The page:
Virginia Tech spoiled John Chaney's return to the Temple bench last night, using an 8-0 run in the second half to pull away and beat the visiting Owls, 60-50, in the first round of the National Invitation Tournament.
Zabian Dowdell scored 12 of his 16 points in the second half for Virginia Tech, including the last six in the eight-point outburst. The Owls were within 40-37 when the run started, but never got closer than five again.
Oral Roberts at Maryland
Records: Golden Eagles 25-7, Terrapins 16-12.
Where: Comcast Center.
When: 9 p.m.
Radio: WMAL-630, WBAL-1090.
Tickets: Available for $25, which includes a parking fee.
Data: Neither Maryland forward James Gist (knee) nor point guard John Gilchrist (ankle) had practiced much recently. Gilchrist remains questionable with an injury that kept him sidelined for all but one minute in the second half against Clemson on Thursday. Gist is doubtful. The Golden Eagles' 25 victories are the most by any NIT team. They won a school-record 14 games on the road, which ranks second in the country. They've lost four games by a total of five points, including two buzzer-beaters. They have three 1,000-point scorers, including two players, guard Ken Tutt and forward Caleb Green, who average at least 17 points.
-- Eric Prisbell
Boston U. at Georgetown
Records: Terriers 20-8, Hoyas 17-12.
Where: MCI Center.
When: 7:30 p.m.
Tickets: $15 and $20. Student tickets are $10.
Data: The Terriers, like the Hoyas, faltered at the end of the year with three losses in their final five games, but they had three impressive performances earlier: a 63-52 win at Michigan, an 80-74 loss at Boston College and a 61-55 victory over Vermont. BU led Division I in field goal percentage defense, holding its opponents to 36.8 percent shooting. The Hoyas are coming off perhaps their best performance of the season; they shot 48 percent and committed only 11 turnovers in a 66-62 loss to Connecticut in the Big East quarterfinals. Any disappointment over not making the NCAA tournament has been replaced with excitement about playing in the postseason. "We want to win this tournament," said forward Brandon Bowman, who was a freshman when Georgetown advanced to the NIT final in 2003. "It's a chance to turn some more heads and get ready for next year."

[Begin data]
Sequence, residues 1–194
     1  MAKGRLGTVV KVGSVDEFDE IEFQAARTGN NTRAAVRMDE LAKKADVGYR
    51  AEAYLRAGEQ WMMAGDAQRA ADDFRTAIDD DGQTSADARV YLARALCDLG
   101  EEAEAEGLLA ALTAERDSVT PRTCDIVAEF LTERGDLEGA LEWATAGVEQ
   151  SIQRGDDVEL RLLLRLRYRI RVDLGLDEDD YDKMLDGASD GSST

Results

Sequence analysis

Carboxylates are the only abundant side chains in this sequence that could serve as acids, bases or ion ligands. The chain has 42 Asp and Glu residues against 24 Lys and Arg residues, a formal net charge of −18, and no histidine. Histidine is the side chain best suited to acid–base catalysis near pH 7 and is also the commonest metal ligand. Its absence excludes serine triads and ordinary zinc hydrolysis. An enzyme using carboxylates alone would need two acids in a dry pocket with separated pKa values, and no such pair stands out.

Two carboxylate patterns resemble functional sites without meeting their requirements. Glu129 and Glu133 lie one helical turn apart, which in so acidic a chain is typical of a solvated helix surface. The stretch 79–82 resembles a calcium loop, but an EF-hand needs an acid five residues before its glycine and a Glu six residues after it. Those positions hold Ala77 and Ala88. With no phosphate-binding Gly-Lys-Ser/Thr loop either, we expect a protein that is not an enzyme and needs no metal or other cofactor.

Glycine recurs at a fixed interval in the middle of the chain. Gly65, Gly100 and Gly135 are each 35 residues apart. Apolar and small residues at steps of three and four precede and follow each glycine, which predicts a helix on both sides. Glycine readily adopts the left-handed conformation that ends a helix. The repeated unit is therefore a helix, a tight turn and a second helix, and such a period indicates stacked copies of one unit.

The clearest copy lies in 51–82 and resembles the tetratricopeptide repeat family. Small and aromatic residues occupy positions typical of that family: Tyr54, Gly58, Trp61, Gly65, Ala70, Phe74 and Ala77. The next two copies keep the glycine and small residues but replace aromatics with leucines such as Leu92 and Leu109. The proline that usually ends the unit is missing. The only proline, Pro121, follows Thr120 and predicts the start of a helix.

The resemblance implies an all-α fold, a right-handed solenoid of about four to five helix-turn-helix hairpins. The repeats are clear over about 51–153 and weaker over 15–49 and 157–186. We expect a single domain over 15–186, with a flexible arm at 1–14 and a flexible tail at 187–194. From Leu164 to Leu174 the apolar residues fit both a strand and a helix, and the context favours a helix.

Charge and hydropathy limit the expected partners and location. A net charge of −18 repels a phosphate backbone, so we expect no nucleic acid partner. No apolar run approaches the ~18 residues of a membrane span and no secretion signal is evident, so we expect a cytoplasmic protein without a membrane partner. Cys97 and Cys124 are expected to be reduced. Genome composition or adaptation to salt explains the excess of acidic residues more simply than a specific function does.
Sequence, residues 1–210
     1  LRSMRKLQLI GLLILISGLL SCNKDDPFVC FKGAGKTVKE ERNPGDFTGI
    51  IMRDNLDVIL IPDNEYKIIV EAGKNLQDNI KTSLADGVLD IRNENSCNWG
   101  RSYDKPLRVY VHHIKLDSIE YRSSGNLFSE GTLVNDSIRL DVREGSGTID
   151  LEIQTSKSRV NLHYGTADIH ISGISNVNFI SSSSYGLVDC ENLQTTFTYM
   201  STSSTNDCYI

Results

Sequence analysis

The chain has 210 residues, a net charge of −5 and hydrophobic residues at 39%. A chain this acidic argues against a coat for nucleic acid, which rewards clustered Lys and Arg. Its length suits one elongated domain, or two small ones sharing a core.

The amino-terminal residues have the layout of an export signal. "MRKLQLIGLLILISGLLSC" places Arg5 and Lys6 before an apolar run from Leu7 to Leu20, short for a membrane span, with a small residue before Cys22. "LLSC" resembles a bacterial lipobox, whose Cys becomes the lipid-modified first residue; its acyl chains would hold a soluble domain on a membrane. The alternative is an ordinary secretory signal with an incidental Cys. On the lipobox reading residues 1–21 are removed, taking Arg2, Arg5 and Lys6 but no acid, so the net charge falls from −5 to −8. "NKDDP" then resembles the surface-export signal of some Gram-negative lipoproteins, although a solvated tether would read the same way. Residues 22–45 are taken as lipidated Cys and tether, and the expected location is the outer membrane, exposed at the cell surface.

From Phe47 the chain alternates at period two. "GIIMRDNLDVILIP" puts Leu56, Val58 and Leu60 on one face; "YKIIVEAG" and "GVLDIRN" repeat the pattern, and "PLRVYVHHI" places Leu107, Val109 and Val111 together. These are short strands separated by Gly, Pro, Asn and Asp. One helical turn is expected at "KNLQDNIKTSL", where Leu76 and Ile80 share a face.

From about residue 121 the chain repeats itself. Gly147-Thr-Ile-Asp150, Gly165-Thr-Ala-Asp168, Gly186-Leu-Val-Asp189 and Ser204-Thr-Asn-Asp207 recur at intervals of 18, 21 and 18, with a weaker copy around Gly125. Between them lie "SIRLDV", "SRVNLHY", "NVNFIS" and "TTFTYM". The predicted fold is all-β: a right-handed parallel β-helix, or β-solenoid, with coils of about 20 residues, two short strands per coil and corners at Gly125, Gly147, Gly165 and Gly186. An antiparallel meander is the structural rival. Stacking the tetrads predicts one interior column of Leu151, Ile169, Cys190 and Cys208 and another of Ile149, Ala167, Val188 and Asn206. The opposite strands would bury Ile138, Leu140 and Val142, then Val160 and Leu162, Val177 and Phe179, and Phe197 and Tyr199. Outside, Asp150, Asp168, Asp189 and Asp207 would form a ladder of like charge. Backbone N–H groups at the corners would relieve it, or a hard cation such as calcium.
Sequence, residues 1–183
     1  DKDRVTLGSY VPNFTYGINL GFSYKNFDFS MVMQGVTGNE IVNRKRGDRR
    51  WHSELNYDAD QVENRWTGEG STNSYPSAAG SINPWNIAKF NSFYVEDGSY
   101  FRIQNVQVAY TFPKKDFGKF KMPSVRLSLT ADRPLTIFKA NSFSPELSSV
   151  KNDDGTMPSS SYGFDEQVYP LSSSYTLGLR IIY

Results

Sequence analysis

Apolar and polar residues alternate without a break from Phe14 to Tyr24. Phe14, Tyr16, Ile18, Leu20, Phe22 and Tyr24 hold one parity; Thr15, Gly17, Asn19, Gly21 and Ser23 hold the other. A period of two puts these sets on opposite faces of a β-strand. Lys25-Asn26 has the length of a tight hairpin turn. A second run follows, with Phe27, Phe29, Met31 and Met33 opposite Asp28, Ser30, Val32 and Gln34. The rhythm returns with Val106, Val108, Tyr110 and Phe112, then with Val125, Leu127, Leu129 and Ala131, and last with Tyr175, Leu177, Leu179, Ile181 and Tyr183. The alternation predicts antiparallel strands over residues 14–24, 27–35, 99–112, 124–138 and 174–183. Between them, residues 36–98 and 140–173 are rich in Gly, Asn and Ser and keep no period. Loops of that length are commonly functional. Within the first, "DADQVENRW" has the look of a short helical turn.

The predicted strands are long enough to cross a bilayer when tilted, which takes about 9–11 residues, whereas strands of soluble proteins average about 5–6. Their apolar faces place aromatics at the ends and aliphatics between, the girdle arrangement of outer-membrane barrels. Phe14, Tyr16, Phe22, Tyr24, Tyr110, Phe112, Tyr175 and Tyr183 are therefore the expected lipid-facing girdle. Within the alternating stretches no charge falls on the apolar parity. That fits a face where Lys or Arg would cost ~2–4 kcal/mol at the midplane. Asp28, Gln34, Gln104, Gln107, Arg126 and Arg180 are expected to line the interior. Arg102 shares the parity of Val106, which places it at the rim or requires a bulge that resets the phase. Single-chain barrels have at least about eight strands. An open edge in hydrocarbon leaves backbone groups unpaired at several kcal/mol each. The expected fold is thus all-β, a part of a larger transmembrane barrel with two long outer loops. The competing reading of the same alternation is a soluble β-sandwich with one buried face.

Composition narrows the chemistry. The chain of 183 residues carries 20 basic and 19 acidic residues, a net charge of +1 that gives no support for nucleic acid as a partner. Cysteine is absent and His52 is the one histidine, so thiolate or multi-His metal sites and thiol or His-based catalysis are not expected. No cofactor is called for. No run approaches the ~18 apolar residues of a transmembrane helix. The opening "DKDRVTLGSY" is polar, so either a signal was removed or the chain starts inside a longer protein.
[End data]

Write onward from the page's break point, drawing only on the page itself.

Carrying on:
-- Camille Powell
Chaney was coaching his first game since serving a three-week suspension for sending Nehemiah Ingram in to commit hard fouls that left Saint Joseph's senior John Bryant with a broken arm in a regular season game.
Chaney was booed when he entered the court, and Ingram drew jeers when he made two free throws. There was security behind the Owls' bench, but Chaney remained calm throughout, mostly just sitting on the bench.
The 73-year-old Hall of Fame coach was looking for his 500th victory at Temple. The Hokies (16-13) were making their first postseason appearance in nine years and their first in the NIT in a decade. Virginia Tech won the NIT in 1973 and '95 and seemed determined to make another run to New York.
The victory was Virginia Tech's first against Temple in 10 tries. It was the fourth straight year Temple (16-14) has played in the NIT.
Carlos Dixon, the Hokies' lone senior, added 15 points and nine rebounds, and Coleman Collins had 11 points and grabbed 13 rebounds.
HOLY CROSS 78, NOTRE DAME 73: Kevin Hamilton scored a career-high 26 points, 11 during a 23-5 run, leading the Crusaders (25-6) on the road.
The Fighting Irish, who trailed by 13 early in the second half, used a 9-2 run to close to 60-59 after a pair of three-pointers by Chris Thomas and a basket by Rick Cornett with 4 minutes 20 seconds left. The Crusaders answered with five straight points and maintained the lead down the stretch.
SOUTH CAROLINA 69, MIAMI 67: Josh Gonner's driving basket with 2.1 seconds left lifted the host Gamecocks (16-13) .
DEPAUL 75, MISSOURI 70: Drake Diener scored a career-high 30 points and tied his career best with seven three-pointers for the Blue Demons (20-10) on the road.